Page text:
Unlike the other DREAMING writers, Kiernan was artistically unable to focus upon the many different aspects and styles of the Dreaming. Her morbid, un-inspiring work went against everything that THE DREAMING had tried to represent. Gaiman took pains to try and describe the Dreaming in its entirety, and tried to make sure that the Dreaming reflected individual desires.

In contrast, Caitlin R. Kiernan's chief contribution to the Dreaming was the creation of a weak character called Echo. Echo was originally a transvestite who killed mainly little boys (or the occasional young man) and stole their eyes to please his blind lover, Gabriel (THE DREAMING #17). Kiernan tried to manipulate the comic so that her murderous child-molester would appear to be some kind of anti-hero and the star of the show. She had Echo die, then gave him refuge in the Dreaming, turned him into a real woman and allowed her to become a nightmare. Literally.

Kiernan was obsessed with Echo and THE DREAMING suffered because of it. The book only lasted for 60 issues, and Kiernan wrote 35. Out of these 35 issues, less than ten do not feature Echo. Out of these ten issues, more than five of them are connected to Echo in some indirect way.

As a result of this decision to focus on a single character, complaints from concerned readers flooded in, but Kiernan remained unrepentant. At one point, as far as Vertigo was concerned, it seemed Kiernan could do no wrong. During her tenure, she also wrote a comic entitled, THE GIRL WHO WOULD BE DEATH (1998).

The book may have sold well for Vertigo, but I don't think the success was due to Kiernan's meagre talents, but because the story was supposedly based on SANDMAN-related character, who, much to the annoyance of anyone who actually bought the book, did not actually feature in it. It was instead another showcase for Kiernan to wallow in her favourite genre at the expense of a good story.

Like THE DREAMING, THE GIRL WHO WOULD BE DEATH was nothing more than another showcase opportunity for Kiernan to wallow in her favourite genre at the expense of a decent story. When she was not writing about Echo, Kiernan introduced to the Dreaming other drab characters connected to THE GIRL WHO WOULD BE DEATH. Rather than create a decent literary work, she turned THE DREAMING into a hollow, self-referential one-woman publicity wagon. As stated earlier, THE DREAMING ended at issue 60, but it was supposed to be a longer running series. It was presumably cancelled due to a less than stellar performance. This notion is reinforced by the fact that, in issue 50, Kiernan wrote a letter stating that she was looking forwards to writing up to issue 100. There were no indications whatsoever that THE DREAMING was to end until a small notice appeared in issue 56.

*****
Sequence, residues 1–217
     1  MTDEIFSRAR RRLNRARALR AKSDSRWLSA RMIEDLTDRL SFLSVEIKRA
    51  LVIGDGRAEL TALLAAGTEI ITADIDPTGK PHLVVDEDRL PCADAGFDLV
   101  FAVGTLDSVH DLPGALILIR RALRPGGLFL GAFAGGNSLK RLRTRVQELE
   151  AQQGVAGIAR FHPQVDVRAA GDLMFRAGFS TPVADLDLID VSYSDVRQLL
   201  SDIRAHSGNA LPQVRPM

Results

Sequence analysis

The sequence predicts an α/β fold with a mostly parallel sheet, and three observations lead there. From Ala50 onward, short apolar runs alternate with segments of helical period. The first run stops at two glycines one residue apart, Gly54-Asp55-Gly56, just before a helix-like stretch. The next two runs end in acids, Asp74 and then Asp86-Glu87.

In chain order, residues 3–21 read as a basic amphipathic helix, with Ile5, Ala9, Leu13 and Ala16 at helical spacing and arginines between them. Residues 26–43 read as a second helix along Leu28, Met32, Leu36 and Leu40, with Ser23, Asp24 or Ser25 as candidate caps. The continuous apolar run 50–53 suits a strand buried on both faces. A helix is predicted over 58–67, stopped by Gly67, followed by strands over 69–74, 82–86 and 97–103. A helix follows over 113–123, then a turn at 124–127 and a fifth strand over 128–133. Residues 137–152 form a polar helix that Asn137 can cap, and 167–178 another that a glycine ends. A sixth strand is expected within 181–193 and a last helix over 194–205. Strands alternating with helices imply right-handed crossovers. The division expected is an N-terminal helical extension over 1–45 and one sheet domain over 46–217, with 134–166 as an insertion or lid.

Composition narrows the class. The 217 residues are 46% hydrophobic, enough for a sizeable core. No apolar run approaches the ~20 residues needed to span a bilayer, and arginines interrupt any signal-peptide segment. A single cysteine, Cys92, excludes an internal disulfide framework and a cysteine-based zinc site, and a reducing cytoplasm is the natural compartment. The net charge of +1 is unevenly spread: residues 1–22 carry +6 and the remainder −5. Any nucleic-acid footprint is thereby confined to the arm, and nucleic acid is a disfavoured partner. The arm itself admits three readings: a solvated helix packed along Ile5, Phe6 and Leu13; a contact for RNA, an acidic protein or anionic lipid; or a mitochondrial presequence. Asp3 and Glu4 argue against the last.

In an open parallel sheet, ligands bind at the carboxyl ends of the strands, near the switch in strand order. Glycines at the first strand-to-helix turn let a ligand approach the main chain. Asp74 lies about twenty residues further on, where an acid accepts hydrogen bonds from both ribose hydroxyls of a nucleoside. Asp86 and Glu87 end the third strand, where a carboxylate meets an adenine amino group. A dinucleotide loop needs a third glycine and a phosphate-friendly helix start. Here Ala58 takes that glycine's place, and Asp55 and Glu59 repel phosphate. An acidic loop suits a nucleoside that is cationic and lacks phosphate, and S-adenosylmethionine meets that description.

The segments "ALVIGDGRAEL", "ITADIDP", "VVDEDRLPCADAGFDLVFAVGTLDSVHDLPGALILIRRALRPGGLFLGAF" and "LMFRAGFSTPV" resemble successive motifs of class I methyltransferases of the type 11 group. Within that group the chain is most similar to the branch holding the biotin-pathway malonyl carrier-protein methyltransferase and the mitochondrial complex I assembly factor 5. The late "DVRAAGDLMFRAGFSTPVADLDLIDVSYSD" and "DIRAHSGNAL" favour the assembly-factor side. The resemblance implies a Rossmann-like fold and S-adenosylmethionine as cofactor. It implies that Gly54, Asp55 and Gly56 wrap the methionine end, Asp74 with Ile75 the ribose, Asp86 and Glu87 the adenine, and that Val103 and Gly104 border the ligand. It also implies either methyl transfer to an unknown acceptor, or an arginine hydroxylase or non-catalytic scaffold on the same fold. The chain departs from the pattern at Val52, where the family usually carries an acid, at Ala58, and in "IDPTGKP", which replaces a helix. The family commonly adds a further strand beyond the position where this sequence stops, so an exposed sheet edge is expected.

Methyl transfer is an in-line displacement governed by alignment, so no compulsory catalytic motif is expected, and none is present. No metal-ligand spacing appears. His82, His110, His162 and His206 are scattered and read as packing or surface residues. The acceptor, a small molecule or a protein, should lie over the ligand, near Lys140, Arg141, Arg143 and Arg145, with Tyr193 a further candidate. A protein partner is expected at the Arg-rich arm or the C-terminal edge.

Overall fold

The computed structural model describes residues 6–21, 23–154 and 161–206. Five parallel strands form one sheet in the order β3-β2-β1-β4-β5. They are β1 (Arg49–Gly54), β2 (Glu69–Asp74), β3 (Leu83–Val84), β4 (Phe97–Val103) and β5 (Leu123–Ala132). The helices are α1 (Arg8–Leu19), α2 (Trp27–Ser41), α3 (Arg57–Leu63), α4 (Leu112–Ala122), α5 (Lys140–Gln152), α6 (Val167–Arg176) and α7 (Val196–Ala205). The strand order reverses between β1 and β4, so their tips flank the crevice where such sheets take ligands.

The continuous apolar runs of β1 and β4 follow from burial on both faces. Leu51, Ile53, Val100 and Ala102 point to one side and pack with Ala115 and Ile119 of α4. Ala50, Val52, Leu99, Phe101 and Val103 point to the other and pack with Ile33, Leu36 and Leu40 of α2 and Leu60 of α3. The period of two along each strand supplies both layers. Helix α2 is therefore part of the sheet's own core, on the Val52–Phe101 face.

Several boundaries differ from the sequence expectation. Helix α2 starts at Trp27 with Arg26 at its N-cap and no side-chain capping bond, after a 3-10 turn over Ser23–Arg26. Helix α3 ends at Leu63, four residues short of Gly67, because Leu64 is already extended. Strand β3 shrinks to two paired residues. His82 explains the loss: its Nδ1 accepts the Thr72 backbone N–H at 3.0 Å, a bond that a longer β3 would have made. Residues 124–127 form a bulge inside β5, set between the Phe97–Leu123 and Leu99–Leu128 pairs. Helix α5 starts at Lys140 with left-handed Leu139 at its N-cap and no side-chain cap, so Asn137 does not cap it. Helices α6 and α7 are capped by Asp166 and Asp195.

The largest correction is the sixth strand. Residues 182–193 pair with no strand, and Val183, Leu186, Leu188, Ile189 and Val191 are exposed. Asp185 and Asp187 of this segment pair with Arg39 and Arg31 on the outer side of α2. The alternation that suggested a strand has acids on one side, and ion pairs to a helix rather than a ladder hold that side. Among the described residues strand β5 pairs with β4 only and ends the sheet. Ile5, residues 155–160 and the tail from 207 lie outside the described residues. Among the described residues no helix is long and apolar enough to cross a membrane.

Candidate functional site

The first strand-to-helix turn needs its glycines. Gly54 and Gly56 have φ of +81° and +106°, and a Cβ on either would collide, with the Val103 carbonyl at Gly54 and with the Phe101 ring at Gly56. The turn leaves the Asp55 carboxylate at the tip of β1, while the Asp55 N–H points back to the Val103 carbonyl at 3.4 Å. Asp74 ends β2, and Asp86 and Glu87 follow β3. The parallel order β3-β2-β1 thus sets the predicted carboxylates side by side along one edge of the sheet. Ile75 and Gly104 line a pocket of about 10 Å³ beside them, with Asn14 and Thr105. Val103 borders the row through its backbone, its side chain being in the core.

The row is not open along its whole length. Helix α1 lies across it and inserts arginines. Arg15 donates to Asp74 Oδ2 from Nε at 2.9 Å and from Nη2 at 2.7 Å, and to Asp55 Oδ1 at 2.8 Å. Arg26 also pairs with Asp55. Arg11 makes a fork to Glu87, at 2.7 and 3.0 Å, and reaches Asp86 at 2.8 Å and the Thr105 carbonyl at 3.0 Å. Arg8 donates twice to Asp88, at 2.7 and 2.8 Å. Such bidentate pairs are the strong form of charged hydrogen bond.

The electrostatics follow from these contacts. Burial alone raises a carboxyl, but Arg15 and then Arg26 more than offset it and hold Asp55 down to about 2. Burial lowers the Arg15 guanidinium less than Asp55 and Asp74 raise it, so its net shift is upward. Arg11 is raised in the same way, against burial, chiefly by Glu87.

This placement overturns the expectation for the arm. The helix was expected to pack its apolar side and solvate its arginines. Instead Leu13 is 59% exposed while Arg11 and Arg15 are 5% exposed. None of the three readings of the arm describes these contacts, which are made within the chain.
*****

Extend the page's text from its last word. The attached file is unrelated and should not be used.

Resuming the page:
Today, Vertigo is releasing several new titles to follow on from SANDMAN, such as LUCIFER and THE DEAD BOY DETECTIVES. All of these titles combined are designed to do exactly what THE DREAMING was supposed to do: explore the Dreaming through the means of different writers and artists. Vertigo editor Shelly Bond writes, "This new conceit allows a diverse array of writers and artists to capture the very essence of the SANDMAN mystique and let loose into uncharted arenas." (THE DREAMING #60)

Now I wonder, where I've heard that before?

Correction: On original publication this essay contained a quote from Neil Gaiman that was used to suggest Mr Gaiman had not been fully consulted on developments in THE DREAMING. We have since been informed that this was not the case, and that the quote came from an inaccurate source. The article has since been corrected. We apologise for the error.

Roxane Grant is a Literature Masters student at Essex University.